Choosing a City Manager
On June 9, Philip G. Sunderland announced that he plans to step down as Alexandria city manager. This apparently came as a shock to many citizens, but for many civic activists it was a long time coming. When you attempt to put a square peg into a round hole, it just doesn't work.
Sunderland performed well as the city attorney, but he had no qualifications to become city manager and should never have been named to that position. He had no formal training in public administration, and therefore he has been doing his training on the job for the past four years at our expense. His role in the Katelyn Frazier fiasco should have been grounds enough to terminate his contract.
I would hope that the City Council doesn't repeat its past mistake by arbitrarily naming a city manager without doing an intensive national search. Mark Jinks, the assistant city manager, is a well-qualified public administrator and should be considered in that search.
The council should immediately contact the International City/County Management Association to assist in identifying a number of candidates. Former mayor Frank Mann used this organization many years ago to name the first city manager.
In addition, Mayor William D. Euille (D) ought to set up a screening committee led by Mann to interview and sort out the candidates provided by the association. This committee should comprise five or six of the most highly qualified and credentialed public administrators in the city. Some of them could be individuals who have previously served on the City Council or in the General Assembly.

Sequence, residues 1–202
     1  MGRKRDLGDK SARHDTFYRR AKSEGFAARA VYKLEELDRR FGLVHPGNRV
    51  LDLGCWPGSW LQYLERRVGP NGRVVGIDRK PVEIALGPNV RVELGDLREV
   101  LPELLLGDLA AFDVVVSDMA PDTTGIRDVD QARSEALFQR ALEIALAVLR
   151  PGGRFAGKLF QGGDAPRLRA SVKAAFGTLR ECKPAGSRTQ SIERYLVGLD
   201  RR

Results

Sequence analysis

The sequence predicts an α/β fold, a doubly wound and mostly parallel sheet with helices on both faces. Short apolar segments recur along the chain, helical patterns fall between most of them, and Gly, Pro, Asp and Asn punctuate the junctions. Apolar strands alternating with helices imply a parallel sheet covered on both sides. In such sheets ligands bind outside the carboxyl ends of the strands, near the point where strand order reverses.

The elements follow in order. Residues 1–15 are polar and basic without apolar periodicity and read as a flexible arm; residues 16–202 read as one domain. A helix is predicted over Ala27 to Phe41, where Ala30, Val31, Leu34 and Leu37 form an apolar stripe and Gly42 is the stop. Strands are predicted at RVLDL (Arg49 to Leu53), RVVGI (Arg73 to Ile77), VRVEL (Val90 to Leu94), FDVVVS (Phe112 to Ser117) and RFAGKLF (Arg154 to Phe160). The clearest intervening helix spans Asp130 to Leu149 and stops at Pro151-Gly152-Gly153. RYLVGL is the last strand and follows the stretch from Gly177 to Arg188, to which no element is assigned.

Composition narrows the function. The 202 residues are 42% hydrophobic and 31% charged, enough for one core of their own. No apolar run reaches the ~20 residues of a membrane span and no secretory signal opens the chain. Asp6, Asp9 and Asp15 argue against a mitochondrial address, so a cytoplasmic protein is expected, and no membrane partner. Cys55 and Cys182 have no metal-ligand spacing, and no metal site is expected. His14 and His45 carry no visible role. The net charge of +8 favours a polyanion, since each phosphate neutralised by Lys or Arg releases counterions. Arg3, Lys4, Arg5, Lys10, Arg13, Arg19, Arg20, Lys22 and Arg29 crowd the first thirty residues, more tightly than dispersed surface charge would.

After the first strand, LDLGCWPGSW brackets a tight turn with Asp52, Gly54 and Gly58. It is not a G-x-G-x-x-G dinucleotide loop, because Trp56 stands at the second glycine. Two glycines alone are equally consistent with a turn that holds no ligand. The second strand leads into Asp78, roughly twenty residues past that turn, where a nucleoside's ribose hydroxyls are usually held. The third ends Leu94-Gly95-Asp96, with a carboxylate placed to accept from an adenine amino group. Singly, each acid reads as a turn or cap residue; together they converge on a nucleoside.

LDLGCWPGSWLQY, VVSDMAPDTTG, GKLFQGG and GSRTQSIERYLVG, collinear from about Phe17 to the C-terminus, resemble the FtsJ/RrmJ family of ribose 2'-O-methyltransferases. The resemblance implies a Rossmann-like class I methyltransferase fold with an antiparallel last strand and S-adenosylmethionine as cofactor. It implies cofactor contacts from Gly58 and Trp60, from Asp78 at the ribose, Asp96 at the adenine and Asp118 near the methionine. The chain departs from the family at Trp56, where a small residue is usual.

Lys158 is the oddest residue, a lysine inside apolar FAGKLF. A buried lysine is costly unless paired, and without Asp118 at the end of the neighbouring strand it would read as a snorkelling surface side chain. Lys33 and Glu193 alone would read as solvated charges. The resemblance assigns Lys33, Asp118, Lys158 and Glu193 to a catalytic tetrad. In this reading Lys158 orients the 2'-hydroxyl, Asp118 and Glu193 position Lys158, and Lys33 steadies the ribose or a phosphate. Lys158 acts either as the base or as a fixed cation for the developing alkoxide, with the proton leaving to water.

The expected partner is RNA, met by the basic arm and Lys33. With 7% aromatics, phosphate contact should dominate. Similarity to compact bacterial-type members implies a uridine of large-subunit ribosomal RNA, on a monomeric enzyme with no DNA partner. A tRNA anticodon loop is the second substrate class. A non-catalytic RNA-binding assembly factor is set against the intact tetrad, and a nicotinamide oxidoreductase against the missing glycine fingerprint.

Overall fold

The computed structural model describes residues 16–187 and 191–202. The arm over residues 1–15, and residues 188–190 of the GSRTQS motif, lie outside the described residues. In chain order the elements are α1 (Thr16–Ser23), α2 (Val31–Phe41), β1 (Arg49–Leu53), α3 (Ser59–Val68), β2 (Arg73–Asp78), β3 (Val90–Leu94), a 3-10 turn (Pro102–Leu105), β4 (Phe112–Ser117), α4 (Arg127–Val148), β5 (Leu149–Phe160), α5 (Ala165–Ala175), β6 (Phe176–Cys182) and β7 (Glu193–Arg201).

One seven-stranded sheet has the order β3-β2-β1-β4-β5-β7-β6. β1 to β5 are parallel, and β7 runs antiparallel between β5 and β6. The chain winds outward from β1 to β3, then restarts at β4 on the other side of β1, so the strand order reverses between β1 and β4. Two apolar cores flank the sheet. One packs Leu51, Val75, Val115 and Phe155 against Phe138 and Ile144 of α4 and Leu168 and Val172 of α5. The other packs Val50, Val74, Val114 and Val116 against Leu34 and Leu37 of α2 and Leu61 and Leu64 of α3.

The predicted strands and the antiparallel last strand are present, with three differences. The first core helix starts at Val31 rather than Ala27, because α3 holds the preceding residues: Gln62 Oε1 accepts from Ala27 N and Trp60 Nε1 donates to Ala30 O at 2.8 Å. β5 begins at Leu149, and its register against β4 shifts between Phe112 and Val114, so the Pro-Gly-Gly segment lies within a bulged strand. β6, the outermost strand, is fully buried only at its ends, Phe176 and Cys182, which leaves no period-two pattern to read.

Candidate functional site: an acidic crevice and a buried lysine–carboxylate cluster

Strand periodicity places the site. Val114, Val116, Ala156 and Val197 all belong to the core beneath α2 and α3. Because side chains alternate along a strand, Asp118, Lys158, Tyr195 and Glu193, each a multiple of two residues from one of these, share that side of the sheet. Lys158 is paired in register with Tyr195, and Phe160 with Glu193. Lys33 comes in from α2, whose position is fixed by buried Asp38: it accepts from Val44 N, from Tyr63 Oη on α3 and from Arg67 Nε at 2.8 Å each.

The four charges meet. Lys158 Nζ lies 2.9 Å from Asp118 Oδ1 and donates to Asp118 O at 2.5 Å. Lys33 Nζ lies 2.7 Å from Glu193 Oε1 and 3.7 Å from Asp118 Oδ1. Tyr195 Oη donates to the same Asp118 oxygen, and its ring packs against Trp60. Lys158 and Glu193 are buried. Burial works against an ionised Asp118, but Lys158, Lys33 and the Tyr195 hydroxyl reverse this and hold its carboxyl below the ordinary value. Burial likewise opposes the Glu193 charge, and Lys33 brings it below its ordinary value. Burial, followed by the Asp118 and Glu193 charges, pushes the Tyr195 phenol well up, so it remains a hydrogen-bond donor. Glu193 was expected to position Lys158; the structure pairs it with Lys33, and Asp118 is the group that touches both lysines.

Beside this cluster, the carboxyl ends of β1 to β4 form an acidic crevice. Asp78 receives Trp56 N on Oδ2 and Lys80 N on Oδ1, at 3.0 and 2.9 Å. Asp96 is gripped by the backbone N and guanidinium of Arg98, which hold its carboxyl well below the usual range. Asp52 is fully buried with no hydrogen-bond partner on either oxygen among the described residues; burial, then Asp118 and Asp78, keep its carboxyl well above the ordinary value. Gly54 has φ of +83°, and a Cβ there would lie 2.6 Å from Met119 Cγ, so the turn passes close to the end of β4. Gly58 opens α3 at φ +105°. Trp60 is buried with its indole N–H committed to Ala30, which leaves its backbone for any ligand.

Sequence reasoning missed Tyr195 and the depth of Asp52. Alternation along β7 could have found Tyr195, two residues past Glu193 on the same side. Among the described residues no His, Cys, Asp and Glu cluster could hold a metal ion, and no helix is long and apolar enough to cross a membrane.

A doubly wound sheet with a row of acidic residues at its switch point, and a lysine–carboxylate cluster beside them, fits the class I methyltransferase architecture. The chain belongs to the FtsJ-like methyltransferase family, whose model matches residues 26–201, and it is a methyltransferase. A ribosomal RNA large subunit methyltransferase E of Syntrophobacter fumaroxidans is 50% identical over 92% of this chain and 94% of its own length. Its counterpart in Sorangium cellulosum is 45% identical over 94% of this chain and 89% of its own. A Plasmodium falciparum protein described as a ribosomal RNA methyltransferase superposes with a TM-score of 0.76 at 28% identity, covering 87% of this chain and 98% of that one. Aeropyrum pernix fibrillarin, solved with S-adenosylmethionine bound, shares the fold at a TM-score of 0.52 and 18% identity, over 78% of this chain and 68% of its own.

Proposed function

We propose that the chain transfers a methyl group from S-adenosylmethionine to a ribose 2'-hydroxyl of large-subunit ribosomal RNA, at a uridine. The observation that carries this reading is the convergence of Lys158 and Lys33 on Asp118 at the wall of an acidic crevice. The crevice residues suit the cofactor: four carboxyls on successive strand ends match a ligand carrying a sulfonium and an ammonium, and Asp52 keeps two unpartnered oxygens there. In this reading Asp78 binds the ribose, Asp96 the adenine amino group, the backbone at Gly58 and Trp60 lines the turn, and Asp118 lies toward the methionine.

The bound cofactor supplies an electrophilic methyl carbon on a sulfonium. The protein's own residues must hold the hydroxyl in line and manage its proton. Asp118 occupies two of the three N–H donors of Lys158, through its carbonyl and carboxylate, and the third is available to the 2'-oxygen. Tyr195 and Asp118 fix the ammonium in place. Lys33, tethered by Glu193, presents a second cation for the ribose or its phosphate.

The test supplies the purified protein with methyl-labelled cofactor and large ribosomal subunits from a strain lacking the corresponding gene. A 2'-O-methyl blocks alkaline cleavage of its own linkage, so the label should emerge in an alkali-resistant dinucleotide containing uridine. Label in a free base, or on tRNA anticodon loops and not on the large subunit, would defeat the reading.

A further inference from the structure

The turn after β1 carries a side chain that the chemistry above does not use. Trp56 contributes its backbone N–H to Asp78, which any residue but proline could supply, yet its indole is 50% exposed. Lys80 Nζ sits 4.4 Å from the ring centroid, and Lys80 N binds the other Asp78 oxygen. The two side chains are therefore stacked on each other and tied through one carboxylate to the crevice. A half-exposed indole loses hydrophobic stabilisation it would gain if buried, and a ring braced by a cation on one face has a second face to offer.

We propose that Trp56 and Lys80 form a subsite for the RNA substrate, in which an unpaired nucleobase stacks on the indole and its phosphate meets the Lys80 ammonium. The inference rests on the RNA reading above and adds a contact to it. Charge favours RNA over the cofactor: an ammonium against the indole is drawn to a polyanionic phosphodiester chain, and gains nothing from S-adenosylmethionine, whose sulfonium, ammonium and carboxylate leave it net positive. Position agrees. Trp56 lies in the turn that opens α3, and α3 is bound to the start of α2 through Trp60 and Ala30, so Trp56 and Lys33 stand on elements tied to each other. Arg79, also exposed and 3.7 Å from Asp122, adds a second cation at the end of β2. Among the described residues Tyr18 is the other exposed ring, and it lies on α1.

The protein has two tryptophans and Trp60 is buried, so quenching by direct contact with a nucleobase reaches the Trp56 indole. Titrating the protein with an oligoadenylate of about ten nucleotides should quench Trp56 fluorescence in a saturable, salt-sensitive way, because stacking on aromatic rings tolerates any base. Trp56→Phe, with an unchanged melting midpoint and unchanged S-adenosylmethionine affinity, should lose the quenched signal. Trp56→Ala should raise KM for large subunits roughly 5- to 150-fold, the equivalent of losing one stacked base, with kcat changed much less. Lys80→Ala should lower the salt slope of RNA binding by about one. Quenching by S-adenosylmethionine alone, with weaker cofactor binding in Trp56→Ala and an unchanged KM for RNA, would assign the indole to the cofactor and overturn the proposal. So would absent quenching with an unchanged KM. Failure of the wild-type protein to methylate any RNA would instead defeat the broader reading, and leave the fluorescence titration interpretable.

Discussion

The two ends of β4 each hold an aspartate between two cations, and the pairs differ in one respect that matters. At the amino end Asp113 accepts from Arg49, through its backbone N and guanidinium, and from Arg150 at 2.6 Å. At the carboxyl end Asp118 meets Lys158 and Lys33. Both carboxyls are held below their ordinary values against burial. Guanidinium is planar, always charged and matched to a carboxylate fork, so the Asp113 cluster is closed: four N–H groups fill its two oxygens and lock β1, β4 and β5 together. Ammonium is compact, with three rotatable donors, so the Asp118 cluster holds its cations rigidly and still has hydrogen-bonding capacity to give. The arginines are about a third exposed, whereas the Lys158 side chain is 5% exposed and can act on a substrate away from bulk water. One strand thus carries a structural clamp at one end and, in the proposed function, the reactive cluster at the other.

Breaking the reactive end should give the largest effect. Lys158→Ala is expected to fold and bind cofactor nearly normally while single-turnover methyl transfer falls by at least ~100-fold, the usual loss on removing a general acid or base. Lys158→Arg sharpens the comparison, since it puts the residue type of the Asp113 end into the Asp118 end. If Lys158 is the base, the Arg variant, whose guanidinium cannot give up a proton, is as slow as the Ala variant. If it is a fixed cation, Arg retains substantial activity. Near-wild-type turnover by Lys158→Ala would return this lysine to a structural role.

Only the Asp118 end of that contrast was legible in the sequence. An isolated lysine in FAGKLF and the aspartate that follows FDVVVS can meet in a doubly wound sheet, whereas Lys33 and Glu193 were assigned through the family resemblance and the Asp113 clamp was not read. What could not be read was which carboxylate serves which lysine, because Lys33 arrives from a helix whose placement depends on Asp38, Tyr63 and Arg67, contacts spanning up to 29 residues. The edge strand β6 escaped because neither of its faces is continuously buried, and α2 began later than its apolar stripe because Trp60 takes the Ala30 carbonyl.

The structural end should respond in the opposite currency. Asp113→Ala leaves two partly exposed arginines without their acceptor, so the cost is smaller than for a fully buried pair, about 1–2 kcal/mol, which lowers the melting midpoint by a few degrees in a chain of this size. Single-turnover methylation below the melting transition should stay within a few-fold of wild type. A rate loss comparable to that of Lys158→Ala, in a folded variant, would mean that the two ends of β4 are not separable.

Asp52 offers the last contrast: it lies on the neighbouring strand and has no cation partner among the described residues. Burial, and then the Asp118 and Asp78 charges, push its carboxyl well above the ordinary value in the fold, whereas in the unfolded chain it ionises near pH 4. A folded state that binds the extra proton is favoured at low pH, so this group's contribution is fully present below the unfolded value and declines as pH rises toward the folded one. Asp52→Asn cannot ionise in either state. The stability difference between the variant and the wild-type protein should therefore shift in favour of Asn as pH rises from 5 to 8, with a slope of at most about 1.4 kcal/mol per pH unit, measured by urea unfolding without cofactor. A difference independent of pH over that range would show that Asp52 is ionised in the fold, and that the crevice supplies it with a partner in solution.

In addition, there are other citizens who possess advanced degrees in public administration and have a great deal of experience working in the various levels of government, whether they are local, county or federal.
The last step in naming a new city manager is for council members to interview the two or three candidates provided by the steering committee. They should state emphatically that their support of the new manager's opinions and recommendations will be contingent upon his ability to divest himself of any special-interest or patronage concerns.
The endgame is that we want a new city manager to hit the ground running. We want one who is capable of attending to the day-to-day operations of the city, yet one who is capable of ensuring that the goals and objectives of the city's vision are fully implemented. He or she should have sufficient stature and expertise to command the respect of both the residents and the business community.
Townsend A. "Van" Van Fleet